The El Paso native has worked 28 Masters, 20 PGA Championships, and every Ryder Cup from 1991 to 2006. He has also served as lead announcer of PGA Tour events such as the AT&T Byron Nelson and the Valero Texas Open on CBS.

For 20 years he has covered the 14th hole at the Masters, as well as provided insightful interviews for CBS with players such as Arnold Palmer, Jack Nicklaus, Tiger Woods and Jordan Spieth. Over the last 18 years, one of his roles for CBS at the PGA Championship has been interviewing and presenting the Wanamaker Trophy to the winner.

Through his television company, Macatee has created, hosted and produced 12 golf-themed documentaries airing on CBS. All were produced in Texas.

Macatee has been inducted into the El Paso Sports Hall of Fame and sponsors the Sonya and William Macatee Scholarships for the Boys & Girls Club of Dallas.

Austin Country Club, which will be added to the Texas Registry of Historic Golf Courses, has seen many changes in its 119 years.

 The club moved to its third _ and current _ site in 1984. The challenging course on the south bank of the Colorado River (Lake Austin) has hosted the WGC Match Play championships for the past three years.

Austin Country Club’s previous location was in east Austin _ now Riverside Golf Course _ adjacent to the Riverside campus of Austin Community College. This is where major champions Ben Crenshaw and Tom Kite were coached by legendary Harvey Penick.

The club’s original location was at 41st Street, northeast of the University of Texas campus. The current nine-hole Hancock municipal course is all that remains. The other holes are now a shopping center.

Austin Country Club’s rich history features 79 Harvey Penick Invitationals dating back to 1935, seven Morris Williams (University Of Texas) Intercollegiate events, five Texas State Amateurs, and the 2010 Texas State Mid-Amateur.

The current layout ranked No. 4 on Golf Digest’s list of Best Remodels, and has been consistently ranked by the Dallas Morning News and Golf Digest.

 

This will be the Texas Golf Hall of Fame’s ninth class to be inducted since the Hall’s reconstitution in 2009. Public nominations made online were voted on by living Hall members, the Texas Golf Hall of Fame Board of Directors, and designated Texas golf media members. The Induction Dinner will take place at the historic San Antonio Country Club.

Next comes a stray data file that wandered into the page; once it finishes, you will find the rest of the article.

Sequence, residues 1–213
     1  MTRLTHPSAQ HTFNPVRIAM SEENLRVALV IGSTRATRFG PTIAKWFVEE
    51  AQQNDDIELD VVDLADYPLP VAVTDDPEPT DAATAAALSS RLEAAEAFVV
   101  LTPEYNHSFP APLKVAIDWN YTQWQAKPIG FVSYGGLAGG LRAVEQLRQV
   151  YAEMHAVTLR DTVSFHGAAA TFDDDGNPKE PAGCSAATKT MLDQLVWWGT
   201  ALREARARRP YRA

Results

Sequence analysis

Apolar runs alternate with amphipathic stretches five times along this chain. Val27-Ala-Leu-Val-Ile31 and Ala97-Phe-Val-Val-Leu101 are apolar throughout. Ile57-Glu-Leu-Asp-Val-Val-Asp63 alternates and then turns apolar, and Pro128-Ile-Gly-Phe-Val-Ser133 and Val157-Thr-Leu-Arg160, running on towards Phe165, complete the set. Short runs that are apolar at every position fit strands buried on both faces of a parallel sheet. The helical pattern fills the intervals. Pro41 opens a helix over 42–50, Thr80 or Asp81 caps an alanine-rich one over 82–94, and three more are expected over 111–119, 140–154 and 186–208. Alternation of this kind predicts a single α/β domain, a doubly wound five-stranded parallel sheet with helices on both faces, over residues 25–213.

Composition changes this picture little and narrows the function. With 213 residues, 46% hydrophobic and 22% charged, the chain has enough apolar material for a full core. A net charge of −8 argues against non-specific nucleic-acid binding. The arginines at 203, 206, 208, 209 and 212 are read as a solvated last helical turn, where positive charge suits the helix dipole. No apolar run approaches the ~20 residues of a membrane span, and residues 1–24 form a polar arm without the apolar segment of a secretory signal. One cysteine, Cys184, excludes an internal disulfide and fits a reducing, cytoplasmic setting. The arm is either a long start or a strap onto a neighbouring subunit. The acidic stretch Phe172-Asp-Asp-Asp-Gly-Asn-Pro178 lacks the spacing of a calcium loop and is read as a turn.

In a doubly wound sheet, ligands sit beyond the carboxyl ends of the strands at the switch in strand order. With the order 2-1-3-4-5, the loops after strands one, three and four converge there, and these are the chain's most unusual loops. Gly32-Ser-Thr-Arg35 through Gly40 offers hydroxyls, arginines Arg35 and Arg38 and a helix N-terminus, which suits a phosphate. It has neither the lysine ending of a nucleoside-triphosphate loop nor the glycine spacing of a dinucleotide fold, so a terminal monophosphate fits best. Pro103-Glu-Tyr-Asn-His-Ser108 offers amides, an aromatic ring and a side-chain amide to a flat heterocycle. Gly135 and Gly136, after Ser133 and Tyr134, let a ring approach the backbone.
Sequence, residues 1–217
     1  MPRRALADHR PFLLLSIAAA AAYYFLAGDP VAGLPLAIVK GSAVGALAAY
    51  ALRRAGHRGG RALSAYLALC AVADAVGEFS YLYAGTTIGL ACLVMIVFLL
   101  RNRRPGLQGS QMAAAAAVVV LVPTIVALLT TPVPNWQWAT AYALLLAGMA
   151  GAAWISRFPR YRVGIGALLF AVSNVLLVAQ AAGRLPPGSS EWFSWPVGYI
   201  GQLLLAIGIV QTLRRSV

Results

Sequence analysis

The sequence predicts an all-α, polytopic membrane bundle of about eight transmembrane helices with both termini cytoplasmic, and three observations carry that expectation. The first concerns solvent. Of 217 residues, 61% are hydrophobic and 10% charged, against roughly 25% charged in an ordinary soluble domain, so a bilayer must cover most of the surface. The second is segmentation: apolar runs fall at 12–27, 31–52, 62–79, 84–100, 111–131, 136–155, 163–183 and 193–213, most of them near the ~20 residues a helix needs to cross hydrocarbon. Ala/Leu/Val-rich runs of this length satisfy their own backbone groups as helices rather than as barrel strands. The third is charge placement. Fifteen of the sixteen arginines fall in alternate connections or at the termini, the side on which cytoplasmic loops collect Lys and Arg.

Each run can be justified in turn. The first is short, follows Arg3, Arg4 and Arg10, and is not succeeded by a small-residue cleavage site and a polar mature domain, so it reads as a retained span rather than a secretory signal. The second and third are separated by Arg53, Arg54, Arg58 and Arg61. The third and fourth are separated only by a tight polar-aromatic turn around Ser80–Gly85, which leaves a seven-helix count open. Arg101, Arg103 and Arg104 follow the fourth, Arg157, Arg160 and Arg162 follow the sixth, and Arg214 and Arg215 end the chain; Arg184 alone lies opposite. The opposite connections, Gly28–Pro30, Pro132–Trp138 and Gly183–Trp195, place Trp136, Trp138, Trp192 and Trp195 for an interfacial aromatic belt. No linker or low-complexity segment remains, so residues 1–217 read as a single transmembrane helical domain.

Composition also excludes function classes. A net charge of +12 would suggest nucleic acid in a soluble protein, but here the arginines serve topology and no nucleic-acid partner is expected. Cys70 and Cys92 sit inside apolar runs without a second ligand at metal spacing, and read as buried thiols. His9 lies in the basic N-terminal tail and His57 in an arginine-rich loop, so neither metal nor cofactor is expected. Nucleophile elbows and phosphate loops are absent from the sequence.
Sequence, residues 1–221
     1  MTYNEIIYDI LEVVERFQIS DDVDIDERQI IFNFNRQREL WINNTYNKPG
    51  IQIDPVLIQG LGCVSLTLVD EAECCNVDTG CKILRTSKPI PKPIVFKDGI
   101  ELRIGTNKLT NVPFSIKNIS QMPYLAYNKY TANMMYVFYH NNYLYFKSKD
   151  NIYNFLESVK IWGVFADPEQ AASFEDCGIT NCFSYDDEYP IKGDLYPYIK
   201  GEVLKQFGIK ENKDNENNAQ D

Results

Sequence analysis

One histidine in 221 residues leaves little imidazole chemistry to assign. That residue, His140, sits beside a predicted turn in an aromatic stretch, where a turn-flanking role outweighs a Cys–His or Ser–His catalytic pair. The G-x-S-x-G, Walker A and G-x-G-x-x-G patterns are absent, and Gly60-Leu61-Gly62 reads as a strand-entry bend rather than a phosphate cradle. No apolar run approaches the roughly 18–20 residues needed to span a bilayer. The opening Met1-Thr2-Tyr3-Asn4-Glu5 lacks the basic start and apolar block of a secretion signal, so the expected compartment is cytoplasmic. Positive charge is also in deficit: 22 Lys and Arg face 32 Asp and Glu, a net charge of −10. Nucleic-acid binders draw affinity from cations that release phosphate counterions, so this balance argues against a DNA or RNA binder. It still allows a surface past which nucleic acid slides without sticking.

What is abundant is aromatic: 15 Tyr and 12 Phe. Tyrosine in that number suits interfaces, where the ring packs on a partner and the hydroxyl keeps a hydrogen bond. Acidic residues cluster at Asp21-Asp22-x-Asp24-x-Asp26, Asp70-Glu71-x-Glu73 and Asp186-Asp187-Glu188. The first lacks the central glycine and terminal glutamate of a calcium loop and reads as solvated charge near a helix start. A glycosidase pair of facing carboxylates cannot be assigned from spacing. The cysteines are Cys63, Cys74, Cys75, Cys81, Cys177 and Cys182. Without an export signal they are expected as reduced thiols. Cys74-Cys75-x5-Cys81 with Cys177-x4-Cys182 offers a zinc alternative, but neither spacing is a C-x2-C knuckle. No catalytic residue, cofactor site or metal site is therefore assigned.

The TGHOF is a 501(c) (3) organization. More information is available at www.texasgolfhof.org.

Nomination period for Texas Golf Hall of Fame’s 2018 Class opens March 1

FOR IMMEDIATE RELEASE

San Antonio, TX.                                                                                                     March 1, 2018

Contact:     Loren B. Singletary, Board Chairman – 972.998.6770

                      Mary Carriker, Assistant Managing Director - 210.215.2642

 

Nomination period for Texas Golf Hall of Fame’s 2018 Class opens March 1

 

Nominations for the 2018 Class of the Texas Golf Hall of Fame will open on Thursday, March 1. Texas golf fans are urged to nominate qualified individuals according to the guidelines on the Hall’s website at www.texasgolfhof.org.

Nominations, which can only be made online, will be accepted until April 27. Nominees will be reviewed for eligibility and voted on by living Hall members, the Texas Golf Hall of Fame Board of Directors, and designated Texas golf media members.

The 2018 Class will be announced in July.

“We encourage the public to nominate individuals who have contributed to the betterment of golf,” said Loren Singletary, Chairman of the Texas Golf Hall of Fame Board of Directors. “The input we get from fans is invaluable. Having an open nomination period ensures feedback from all corners of the state.”

Nominations for individuals and courses can be made in five categories: Amateur Player, Golf Professional/Teacher, Lifetime Achievement, Professional Player, and the Texas Registry of Historic Golf Courses.

This will be the Texas Golf Hall of Fame’s ninth class to be inducted since the Hall’s reconstitution in 2009.

 The Induction Dinner will take place at the historic San Antonio Country Club.  The 2018 Class will be commemorated on a granite marker, joining other greats along the Texas Golf Walk of Fame at Brackenridge Park Golf Course.

Last year’s inductees were Steve Elkington, Kelli Kuehne, James E. “Buddy Cook”, M.T. Johnson, and Lions Municipal Golf Course.

The TGHOF is a 501(c) (3) organization. More information is available at www.texasgolfhof.org.

Texas Golf Hall of Fame honors 2017 Class with star-studded heartfelt ceremony

2017-class-texas-golf-hall-of-fame

SAN ANTONIO – The Texas Golf Hall of Fame celebrated its 2017 class with an induction ceremony for the ages.

Austin’s Ben Crenshaw drove down to make an impassioned plea to save the public course that helped him become a two-time Masters champion, PGA TOUR player Johnson Wagner spoke about his grandfather, and inductees Buddy Cook and Kelli Kuehne tipped their hats to country legend George Strait, seated in the packed ballroom at the San Antonio Country Club.